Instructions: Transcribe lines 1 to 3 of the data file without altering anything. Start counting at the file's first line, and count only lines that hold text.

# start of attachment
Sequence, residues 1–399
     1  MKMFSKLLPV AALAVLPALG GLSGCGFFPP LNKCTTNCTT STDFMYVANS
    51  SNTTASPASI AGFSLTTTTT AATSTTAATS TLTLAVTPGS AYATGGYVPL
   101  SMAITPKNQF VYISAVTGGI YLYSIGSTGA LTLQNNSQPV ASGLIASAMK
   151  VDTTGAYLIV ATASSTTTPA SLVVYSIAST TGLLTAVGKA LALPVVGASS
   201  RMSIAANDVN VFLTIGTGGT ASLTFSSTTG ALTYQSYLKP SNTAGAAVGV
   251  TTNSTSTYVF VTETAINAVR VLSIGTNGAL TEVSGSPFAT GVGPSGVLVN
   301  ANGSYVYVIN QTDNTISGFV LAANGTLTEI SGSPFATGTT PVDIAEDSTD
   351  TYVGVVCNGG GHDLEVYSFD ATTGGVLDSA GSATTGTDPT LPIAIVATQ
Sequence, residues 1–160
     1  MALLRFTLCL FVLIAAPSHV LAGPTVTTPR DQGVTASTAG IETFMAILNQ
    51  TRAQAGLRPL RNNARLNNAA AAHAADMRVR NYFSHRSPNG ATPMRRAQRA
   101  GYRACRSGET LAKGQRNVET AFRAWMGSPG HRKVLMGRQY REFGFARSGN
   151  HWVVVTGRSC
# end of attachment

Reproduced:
Sequence, residues 1–399
     1  MKMFSKLLPV AALAVLPALG GLSGCGFFPP LNKCTTNCTT STDFMYVANS
    51  SNTTASPASI AGFSLTTTTT AATSTTAATS TLTLAVTPGS AYATGGYVPL